In one embodiment, material 19 is a metal alloy whose melting temperature is slightly less (e.g., 5° to 50°) than the maximum temperature limit of the temperature sensitive material of structure 1. Deposition of material 19 may be assisted by an inert gas jet, which enables low deposition temperatures, as well as high deposition rates, which are cost effective techniques when depositing relatively thick layers (e.g., 10 to 30 μm). Other qualities that may affect the selection of material 19 will depend on factors such as the desired shear strength and cost.
Shear strength (e.g., measured in units of pounds/in2 or psi) is a typical parameter considered in determining the reliability of an interconnection. Higher shear strengths result in connections that are more robust. The most widely used, common solder is a 90% Lead (Pb) 10% Tin (Sn) alloy with a melting point of 302° C. and a shear strength of 2400 psi. Another common solder is the eutectic alloy 63Sn37Pb with a 183° C. melting point and a 6200 psi shear strength.
Pure Indium (In), the material customarily used for infrared detector arrays, has a melting point of 157° C. and a shear strength (at room temperature) of 890 psi. In typical applications of infrared detector arrays, this low shear strength is not of importance, since at cryogenic temperatures the Indium becomes much harder and stronger. For applications at higher temperatures, Indium may not be a suitable material. Furthermore, the melting point of pure Indium may be above the temperature limit of the temperature sensitive material.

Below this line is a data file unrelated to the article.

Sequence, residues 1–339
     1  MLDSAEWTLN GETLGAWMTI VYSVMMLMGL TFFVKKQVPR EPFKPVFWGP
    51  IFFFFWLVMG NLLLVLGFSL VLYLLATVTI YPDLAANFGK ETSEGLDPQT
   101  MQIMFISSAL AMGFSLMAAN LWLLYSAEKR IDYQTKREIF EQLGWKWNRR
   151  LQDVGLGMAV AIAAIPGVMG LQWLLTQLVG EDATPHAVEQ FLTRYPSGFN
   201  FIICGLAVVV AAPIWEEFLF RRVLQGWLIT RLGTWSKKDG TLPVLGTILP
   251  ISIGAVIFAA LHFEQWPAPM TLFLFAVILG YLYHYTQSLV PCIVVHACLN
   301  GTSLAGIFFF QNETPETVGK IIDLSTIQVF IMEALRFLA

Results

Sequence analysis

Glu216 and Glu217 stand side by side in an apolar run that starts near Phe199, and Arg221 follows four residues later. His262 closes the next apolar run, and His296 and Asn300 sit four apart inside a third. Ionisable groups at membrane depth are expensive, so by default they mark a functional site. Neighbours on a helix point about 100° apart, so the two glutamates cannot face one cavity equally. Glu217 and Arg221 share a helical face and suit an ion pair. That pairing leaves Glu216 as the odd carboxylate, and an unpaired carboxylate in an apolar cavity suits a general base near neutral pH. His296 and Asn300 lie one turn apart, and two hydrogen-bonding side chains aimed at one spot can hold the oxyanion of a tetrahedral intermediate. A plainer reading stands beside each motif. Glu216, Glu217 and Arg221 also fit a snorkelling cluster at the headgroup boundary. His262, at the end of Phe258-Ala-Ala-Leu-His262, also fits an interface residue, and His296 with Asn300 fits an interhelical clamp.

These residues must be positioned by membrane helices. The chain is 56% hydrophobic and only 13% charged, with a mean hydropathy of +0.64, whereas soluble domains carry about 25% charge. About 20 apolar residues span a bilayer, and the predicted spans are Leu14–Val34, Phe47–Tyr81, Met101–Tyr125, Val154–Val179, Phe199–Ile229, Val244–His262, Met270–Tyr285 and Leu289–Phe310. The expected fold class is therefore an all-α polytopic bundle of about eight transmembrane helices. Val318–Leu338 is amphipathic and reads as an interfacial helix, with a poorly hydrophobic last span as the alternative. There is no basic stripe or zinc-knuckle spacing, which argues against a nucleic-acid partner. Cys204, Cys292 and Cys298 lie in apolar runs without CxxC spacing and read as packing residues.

A typical ultrasound transducer array (e.g., a piezoelectric ceramic device) has a temperature limit of about 160° C. to 180° C. Heating such a device close to this temperature may degrade its performance. Similarly, heating it above this temperature may cause it to not function at all. Thus, the commonly used PbSn solders are not acceptable. For this application, an example alloy that can be deposited for the electrically conducting material layer 19 is 52% Indium: 48% Tin (In/Sn) that melts at 118° C. with a shear strength of 1630 psi.
Note that when depositing an alloy, the stoichiometry or ratio of metals in the alloy must be carefully preserved, or its thermal and mechanical properties will change. A change of a few percent can dramatically alter the melting temperature. Several deposition methods can be used that maintain stoichiometry. Examples include electroplating, sputtering and solder jetting. Deposition assisted by an inert gas jet (such as that developed by Jet Process Corporation, New Haven, Conn.) enables high deposition rates at low deposition temperatures.